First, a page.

You are here
Four in 10 Singapore investors eyeing sustainable investments: StanChart
NEARLY four in 10 investors in Singapore are considering allocating 5 to 15 per cent of their funds to sustainable investments over the next three years, according to a report released on Monday by Standard Chartered Private Bank, the private banking arm of Standard Chartered Bank (Singapore).
The private bank's Sustainable Investing Review 2020 surveyed 1,080 investors in Hong Kong, Singapore, the United Arab Emirates (UAE) and the UK early this year on their interest in sustainable investment amid market disruptions due to the Covid-19 pandemic.
The report surveyed 600 general investors and 480 affluent and high net worth (HNW) investors in each market, except for the UK group, which did not include any general investors.
It defined general investors as those with a minimum of US$25,000 of investible wealth. Affluent investors had a minimum of US$1 million of investible wealth, while HNW investors had a minimum of US$5 million of investible wealth.
Nine in 10 survey respondents said they were interested in sustainable investments, with affluent and HNW investors displaying the highest interest.
Overall, 42 per cent of survey respondents said they were planning to invest 5 to 15 per cent of their funds in sustainable investments over the next three years.
This figure was 39 per cent for Singapore respondents and 47 per cent for respondents from Hong Kong.
Eight per cent of investors from both Singapore and Hong Kong indicated they were looking to invest over 25 per cent of their funds in sustainable investments.
Those who had invested in sustainable investments in the past also indicated a willingness to invest further. Affluent and HNW investors were generally willing to consider allocating funds towards sustainable investments, regardless of whether they had previous experience making such investments, the report said.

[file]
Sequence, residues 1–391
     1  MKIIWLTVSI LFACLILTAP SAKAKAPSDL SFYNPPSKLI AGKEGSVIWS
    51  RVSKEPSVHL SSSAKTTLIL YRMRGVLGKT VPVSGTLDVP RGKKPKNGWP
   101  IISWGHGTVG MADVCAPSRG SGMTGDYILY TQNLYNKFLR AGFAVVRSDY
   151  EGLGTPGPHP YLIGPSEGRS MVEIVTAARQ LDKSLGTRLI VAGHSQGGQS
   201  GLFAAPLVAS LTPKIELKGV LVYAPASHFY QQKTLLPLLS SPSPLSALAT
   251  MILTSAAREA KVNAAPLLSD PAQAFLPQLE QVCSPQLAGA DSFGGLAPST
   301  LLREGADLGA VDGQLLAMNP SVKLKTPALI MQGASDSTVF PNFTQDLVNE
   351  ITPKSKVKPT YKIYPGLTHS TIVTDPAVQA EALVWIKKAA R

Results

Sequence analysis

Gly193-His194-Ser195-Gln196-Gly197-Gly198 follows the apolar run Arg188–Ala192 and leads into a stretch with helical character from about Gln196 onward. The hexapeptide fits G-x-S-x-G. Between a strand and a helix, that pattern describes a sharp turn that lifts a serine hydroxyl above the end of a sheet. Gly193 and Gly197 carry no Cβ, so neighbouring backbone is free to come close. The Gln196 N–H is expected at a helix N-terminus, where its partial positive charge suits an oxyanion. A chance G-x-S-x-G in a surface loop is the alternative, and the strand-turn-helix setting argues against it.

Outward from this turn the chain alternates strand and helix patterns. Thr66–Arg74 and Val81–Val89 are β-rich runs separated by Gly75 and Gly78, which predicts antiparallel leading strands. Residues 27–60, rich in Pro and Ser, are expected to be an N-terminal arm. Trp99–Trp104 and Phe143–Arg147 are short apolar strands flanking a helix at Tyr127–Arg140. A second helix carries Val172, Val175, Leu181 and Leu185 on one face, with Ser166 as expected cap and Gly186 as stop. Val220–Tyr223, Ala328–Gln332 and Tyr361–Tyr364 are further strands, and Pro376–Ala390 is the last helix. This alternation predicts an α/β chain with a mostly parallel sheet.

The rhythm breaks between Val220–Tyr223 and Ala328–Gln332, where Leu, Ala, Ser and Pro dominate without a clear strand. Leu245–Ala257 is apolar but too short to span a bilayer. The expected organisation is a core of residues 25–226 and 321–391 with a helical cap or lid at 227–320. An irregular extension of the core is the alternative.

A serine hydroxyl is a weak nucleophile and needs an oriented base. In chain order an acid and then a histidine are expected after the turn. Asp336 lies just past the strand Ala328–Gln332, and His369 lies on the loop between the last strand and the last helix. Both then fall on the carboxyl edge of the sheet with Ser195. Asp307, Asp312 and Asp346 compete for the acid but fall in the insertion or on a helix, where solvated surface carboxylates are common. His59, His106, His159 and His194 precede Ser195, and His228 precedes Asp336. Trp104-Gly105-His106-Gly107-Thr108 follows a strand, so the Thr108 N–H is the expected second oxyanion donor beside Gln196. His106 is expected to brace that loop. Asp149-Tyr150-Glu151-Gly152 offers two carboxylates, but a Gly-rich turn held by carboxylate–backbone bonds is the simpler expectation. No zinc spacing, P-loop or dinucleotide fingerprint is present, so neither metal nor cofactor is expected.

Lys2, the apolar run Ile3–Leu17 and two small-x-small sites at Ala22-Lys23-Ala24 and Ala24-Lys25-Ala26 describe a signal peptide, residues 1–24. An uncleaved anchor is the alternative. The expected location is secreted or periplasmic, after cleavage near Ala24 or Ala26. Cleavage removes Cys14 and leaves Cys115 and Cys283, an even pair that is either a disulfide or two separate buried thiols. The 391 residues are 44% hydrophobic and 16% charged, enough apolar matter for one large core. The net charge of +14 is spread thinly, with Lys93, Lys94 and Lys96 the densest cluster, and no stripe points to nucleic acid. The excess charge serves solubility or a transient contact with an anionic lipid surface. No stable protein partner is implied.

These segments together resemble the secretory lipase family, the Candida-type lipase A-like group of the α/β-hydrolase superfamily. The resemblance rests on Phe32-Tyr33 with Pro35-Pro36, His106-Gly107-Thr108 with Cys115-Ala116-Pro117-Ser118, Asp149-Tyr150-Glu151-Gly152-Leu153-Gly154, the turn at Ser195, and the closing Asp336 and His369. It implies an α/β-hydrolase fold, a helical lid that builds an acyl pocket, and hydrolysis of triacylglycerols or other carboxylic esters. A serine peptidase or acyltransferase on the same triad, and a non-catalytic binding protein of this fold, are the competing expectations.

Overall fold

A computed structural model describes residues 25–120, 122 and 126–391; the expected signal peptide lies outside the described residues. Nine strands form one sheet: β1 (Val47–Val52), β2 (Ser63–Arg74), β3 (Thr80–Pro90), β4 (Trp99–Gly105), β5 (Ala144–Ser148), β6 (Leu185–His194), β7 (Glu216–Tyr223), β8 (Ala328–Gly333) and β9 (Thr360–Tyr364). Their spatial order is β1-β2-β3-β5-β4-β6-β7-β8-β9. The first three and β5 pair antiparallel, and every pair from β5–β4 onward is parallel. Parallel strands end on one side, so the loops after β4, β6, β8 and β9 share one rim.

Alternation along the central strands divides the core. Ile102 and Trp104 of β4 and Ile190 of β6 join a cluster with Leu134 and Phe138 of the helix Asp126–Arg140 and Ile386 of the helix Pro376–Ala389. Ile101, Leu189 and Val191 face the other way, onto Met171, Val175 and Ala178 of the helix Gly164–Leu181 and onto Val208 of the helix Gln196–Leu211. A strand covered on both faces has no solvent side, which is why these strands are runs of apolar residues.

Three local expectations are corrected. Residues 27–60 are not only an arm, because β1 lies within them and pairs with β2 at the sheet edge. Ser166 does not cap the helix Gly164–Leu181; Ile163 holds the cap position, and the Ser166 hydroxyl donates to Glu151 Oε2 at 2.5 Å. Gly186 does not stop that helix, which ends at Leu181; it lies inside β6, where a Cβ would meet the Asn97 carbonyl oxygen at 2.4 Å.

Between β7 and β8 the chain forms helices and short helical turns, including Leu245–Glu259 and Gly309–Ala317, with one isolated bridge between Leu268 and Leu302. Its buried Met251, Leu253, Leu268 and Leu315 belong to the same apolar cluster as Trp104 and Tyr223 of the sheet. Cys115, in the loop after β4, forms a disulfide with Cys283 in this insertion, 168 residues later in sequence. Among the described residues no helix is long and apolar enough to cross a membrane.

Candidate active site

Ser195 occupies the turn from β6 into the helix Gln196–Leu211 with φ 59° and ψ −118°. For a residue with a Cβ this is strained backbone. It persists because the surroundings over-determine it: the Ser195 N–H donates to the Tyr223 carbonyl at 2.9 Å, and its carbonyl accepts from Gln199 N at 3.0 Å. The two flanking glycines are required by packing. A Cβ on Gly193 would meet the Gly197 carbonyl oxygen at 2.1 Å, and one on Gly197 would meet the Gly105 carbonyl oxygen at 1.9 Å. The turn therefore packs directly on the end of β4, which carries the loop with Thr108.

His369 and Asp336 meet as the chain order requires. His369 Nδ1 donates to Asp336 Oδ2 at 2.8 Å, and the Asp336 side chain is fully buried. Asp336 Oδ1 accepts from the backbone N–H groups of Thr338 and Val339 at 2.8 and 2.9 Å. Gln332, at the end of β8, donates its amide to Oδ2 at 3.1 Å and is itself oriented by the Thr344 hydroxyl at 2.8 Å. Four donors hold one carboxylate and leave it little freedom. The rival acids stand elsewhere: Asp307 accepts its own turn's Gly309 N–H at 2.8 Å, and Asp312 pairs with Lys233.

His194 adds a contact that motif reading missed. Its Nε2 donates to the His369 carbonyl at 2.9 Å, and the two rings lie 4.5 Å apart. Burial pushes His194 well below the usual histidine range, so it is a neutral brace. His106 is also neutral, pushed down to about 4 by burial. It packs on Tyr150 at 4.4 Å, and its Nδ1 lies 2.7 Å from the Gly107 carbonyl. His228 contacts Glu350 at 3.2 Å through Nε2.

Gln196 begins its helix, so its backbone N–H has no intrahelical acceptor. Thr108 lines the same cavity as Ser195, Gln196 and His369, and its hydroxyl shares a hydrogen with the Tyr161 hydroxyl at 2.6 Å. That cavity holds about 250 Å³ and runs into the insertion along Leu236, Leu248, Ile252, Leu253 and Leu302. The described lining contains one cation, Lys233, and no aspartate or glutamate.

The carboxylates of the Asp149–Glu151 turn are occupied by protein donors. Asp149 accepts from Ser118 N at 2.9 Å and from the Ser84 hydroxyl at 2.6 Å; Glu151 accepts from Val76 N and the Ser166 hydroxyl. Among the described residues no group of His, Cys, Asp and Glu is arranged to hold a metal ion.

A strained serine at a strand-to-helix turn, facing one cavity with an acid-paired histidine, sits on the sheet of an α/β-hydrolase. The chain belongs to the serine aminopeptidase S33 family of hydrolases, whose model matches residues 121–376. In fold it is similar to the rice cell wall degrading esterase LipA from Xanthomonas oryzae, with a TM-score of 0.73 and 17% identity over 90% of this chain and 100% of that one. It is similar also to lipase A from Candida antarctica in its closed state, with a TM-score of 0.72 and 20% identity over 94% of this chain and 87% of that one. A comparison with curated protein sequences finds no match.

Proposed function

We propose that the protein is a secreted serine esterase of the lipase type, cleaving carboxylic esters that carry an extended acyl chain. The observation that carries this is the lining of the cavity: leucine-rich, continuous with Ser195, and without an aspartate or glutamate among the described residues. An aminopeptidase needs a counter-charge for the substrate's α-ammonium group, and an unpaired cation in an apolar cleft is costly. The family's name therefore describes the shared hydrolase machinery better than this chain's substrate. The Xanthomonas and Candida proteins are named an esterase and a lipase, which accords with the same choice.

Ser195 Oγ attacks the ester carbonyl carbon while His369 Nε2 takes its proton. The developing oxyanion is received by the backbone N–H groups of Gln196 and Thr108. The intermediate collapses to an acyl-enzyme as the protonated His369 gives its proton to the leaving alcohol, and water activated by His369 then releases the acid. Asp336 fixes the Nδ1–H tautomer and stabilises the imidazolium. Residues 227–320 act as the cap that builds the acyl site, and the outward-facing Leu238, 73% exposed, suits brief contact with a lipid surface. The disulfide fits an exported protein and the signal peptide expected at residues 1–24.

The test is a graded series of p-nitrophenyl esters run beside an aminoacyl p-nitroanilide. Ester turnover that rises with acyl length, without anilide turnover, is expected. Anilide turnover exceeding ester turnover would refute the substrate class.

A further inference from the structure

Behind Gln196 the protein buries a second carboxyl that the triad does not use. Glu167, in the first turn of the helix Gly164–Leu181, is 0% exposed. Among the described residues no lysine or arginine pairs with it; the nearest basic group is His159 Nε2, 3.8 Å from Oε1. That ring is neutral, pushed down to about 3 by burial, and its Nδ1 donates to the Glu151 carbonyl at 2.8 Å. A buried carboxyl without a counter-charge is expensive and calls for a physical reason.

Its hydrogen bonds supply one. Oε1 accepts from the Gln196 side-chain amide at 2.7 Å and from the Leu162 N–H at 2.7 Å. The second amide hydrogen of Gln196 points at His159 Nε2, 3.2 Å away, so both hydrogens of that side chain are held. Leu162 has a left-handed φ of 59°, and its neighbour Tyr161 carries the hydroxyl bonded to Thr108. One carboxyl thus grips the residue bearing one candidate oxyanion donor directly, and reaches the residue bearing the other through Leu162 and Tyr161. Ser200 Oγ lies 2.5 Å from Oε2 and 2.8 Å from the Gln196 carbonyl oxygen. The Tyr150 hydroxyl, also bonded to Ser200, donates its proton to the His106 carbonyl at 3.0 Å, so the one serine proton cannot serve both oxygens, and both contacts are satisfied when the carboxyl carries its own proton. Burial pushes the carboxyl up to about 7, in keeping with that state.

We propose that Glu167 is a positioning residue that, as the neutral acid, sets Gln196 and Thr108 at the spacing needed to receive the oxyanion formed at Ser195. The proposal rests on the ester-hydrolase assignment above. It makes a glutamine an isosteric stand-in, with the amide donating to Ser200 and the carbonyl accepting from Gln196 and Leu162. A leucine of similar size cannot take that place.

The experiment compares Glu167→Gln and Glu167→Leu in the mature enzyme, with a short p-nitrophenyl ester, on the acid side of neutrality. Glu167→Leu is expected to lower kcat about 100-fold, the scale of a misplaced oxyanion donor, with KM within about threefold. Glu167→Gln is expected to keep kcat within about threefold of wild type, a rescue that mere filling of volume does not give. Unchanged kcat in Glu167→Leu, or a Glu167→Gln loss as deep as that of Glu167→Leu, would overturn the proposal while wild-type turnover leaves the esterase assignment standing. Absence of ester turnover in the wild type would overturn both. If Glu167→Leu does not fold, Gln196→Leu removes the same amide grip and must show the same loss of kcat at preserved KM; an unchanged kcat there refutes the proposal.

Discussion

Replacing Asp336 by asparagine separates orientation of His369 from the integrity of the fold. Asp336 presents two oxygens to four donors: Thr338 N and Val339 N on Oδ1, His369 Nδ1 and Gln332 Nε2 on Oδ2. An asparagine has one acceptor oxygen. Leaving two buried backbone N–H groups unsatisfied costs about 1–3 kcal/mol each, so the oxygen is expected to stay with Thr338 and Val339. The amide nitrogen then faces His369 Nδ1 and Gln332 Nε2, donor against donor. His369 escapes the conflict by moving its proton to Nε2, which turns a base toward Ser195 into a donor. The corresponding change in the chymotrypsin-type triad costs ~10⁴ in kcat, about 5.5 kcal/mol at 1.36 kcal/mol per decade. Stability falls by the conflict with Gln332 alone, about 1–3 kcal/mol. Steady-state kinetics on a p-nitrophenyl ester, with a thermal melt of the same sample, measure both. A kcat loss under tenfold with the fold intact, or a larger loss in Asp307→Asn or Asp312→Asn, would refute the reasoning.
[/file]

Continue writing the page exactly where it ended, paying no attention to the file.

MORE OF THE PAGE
"The (Covid-19) pandemic has led to a raised awareness of sustainable issues, from glimpsing a more sustainable and environmentally-friendly world to a renewed interest in investing in companies that are resilient enough to weather short-term shocks and survive for the long term," it added.
Standard Chartered Private Bank had seen a 50 per cent year-on-year increase in assets under management in recommended healthcare funds, largely driven by interest around Covid-19 and the presentation of more healthcare funds to clients.
There were also lower drawdowns in healthcare funds, both year to date and during the market pullback in March, highlighting the resilience of the healthcare sector.
"This strong performance stands out when compared to the broader equity market in particular, which has fallen 15 per cent year to date versus the funds' performance," it said.
The private bank said it expects the healthcare sector as a whole to benefit and grow over the long run in response to the pandemic.
Sumeet Bhambri, regional head of wealth management, Asean and South Asia and head of wealth management, Singapore, Standard Chartered Bank, added that the lender clocked a 90 per cent growth in assets under management for environmental, social and governance (ESG) funds on its platform since it started an ESG awareness campaign last month.
"There is definitely heightened interest and greater demand among investors in Singapore to make a positive impact on society and the environment, while still achieving their financial goals," Mr Bhambri said.
However, the report found that 45 per cent of Singapore’s affluent and HNW investors were "highly apprehensive" about sustainable investing.
The report identified the top barriers to investing as apprehension and a lack of knowledge, motivation and advice.
Standard Chartered Private Bank's report found that affluent and HNW investors in Singapore came in tops among the respondent groups in their understanding of what sustainable living, responsible investing and social investing meant.
They ranked second behind respondents from Hong Kong in their understanding of ethical investing, low carbon investing, ESG investing and socially responsible investing, and came in third - behind the UAE and the UK respondents - in familiarity with impact investing.
The report also identified cultural nuances and local market experiences as major factors influencing investor personalities and investment approaches.
When profiled according to the bank's investor personality types, Singapore investors accounted for 43 per cent of the "Resistant" type.
Such investors have a high preference for avoiding investments that are unethical or could do harm to the environment or to society, but a low interest in sustainable investing, Standard Chartered said.